Nintendo Wii™ Game Controllers Help Diagnose Eye Disorder
Source Newsroom: Association for Research in Vision and Ophthalmology (ARVO)
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Investigative Ophthalmology & Visual Science (11-8329, Feb. 1, 2012)
Newswise — Rockville, Md. – Wii remotes are not all about fun and games. Scientists can use them to assess and diagnose children with an abnormal head position caused by eye diseases. As described in a recent Investigative Ophthalmology & Visual Science article, researchers developed a low-cost digital head posture measuring device with Nintendo Wiimotes to help diagnose this condition, medically called ocular torticollis.
“Torticollis occurs in about 1.3% of children,” said author, Jeong-Min Hwang, MD, of Seoul National University College of Medicine. “Accurate measurement of the angle of the abnormal head position is crucial for evaluating disease progression and determining treatment or surgical plans in parties with ocular torticollis.”
Hwang and his colleagues point out that in clinical practice where it can be difficult to get reliable data from children whose heads move constantly, a digital head posture measuring systems using electronic devices such as the motion tracking capability offered by Wiimotes would be an ideal alternative.
The researchers used two Wii controllers to develop an infrared optical head tracker (IOHT) that automatically measures and records the angle of the head in real-time. The remotes were connected to a monitoring computer with an infrared camera and Bluetooth connectivity. The IOHT was evaluated for accuracy, validity and reliability by comparing it with the CROM device, one of the most widely used head posture measuring devices in hospitals.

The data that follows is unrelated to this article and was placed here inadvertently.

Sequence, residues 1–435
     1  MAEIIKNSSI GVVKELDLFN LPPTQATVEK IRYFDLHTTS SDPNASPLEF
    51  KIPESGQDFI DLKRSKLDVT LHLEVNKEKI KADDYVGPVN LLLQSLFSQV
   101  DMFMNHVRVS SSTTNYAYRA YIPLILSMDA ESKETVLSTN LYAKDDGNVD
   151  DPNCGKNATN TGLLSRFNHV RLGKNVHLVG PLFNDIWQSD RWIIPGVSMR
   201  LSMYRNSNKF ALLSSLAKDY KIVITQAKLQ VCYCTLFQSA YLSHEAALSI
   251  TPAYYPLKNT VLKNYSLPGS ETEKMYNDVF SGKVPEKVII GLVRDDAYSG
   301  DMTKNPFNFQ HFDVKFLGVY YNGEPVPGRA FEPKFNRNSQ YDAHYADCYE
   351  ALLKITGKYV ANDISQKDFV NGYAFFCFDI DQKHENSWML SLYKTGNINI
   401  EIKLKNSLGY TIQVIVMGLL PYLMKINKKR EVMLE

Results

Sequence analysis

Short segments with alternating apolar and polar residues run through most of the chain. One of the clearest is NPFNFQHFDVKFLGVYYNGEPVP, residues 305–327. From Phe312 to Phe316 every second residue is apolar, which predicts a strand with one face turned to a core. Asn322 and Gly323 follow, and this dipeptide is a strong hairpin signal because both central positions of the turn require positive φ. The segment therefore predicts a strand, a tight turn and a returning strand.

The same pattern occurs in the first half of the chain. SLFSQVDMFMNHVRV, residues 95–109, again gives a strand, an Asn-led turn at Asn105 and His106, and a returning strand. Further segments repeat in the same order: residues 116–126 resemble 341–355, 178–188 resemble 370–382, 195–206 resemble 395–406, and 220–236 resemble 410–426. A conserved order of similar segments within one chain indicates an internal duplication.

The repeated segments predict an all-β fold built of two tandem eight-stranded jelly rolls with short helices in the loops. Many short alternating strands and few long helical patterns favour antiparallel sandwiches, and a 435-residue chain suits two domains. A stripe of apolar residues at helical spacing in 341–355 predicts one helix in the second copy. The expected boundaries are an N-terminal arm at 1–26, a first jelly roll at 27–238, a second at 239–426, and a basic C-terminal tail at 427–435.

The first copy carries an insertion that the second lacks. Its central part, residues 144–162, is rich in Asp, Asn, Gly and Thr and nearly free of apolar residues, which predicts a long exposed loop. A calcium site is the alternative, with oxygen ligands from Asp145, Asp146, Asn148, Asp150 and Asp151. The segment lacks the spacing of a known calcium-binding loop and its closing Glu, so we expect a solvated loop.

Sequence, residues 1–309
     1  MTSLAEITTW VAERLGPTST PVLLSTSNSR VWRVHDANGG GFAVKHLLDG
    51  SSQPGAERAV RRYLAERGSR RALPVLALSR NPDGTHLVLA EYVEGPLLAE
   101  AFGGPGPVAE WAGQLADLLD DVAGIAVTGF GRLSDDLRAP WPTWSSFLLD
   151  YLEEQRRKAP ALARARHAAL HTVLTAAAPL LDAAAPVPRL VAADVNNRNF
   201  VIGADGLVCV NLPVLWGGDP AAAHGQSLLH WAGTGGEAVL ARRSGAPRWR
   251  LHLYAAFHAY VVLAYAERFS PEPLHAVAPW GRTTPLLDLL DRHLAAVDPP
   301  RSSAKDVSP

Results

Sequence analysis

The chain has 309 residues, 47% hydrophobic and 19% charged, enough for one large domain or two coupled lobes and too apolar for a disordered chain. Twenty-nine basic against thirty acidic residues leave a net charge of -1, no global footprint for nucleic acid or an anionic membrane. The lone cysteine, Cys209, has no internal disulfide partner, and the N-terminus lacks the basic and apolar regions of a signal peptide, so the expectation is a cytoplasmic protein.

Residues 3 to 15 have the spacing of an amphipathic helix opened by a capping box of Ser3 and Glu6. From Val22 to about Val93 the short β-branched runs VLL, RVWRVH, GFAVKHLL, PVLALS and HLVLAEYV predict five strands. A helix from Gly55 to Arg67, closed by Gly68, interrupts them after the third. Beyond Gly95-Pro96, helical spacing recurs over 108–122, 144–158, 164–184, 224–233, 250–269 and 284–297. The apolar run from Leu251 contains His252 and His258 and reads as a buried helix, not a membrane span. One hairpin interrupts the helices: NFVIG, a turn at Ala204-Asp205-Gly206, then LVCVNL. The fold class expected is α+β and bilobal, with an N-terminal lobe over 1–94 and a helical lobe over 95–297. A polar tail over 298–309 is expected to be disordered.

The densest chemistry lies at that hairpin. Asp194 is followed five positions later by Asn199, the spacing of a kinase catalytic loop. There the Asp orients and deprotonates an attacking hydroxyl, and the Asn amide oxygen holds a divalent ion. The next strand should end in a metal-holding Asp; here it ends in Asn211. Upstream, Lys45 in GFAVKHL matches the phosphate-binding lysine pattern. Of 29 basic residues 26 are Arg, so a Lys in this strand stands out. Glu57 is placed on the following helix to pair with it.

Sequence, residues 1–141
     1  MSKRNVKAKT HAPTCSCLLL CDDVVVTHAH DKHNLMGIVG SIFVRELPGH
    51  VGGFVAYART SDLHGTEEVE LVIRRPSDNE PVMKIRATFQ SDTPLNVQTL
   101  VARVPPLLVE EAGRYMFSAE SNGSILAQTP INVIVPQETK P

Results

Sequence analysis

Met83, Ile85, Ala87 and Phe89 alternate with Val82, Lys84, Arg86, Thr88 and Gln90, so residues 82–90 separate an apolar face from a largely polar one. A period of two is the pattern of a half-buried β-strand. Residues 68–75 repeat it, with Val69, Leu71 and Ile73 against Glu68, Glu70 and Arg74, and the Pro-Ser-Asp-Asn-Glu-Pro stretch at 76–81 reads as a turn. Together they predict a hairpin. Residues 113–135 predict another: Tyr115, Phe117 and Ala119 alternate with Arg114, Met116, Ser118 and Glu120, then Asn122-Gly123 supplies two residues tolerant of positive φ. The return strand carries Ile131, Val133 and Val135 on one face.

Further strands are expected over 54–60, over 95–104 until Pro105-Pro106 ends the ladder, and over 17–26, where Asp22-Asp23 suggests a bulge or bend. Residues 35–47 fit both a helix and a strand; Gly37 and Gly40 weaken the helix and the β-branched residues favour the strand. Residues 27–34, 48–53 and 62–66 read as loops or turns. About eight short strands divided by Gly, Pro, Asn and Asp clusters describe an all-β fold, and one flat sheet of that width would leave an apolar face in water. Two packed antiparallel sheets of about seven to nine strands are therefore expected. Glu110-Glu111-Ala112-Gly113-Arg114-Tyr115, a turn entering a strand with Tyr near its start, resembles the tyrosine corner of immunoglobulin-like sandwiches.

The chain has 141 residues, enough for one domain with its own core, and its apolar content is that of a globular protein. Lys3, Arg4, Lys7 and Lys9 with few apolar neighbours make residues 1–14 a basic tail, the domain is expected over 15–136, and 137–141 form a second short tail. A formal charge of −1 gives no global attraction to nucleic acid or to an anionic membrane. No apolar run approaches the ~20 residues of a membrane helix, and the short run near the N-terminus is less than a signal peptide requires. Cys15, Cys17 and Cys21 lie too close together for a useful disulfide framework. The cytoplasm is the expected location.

Results demonstrated that in measuring the head posture of normal adult subjects, the measurement of the one-dimensional and three-dimensional (3-D) positions of a human head with IOHT were very close to those of CROM. There were slightly more deviations of measurements between IOHT and CROM than the researchers expected in 3-D movement of the head, which the researchers contribute to the structural nature of CROM rather than inaccurate measurement of IOHT.
In looking at the future, the research team hopes this new tool will play a key role in diagnosing ophthalmic patients. “Considering its high performance, ease of use and low cost, we believe IOHT has the potential to be widely used as a head posture measuring device in clinical practice.”
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The ARVO peer-reviewed journal Investigative Ophthalmology & Visual Science (IOVS) publishes results from original hypothesis-based clinical and laboratory research studies, as well as Reviews, Perspectives, and Special Issues. IOVS 2009 Impact Factor ranks No. 4 out of 45 among ophthalmology journals. The journal is online-only (www.iovs.org) and articles are published daily.
The Association for Research and Vision in Ophthalmology (ARVO) is the largest eye and vision research organization in the world. Members include more than 12,500 eye and vision researchers from over 80 countries. ARVO encourages and assists research, training, publication and knowledge-sharing in vision and ophthalmology.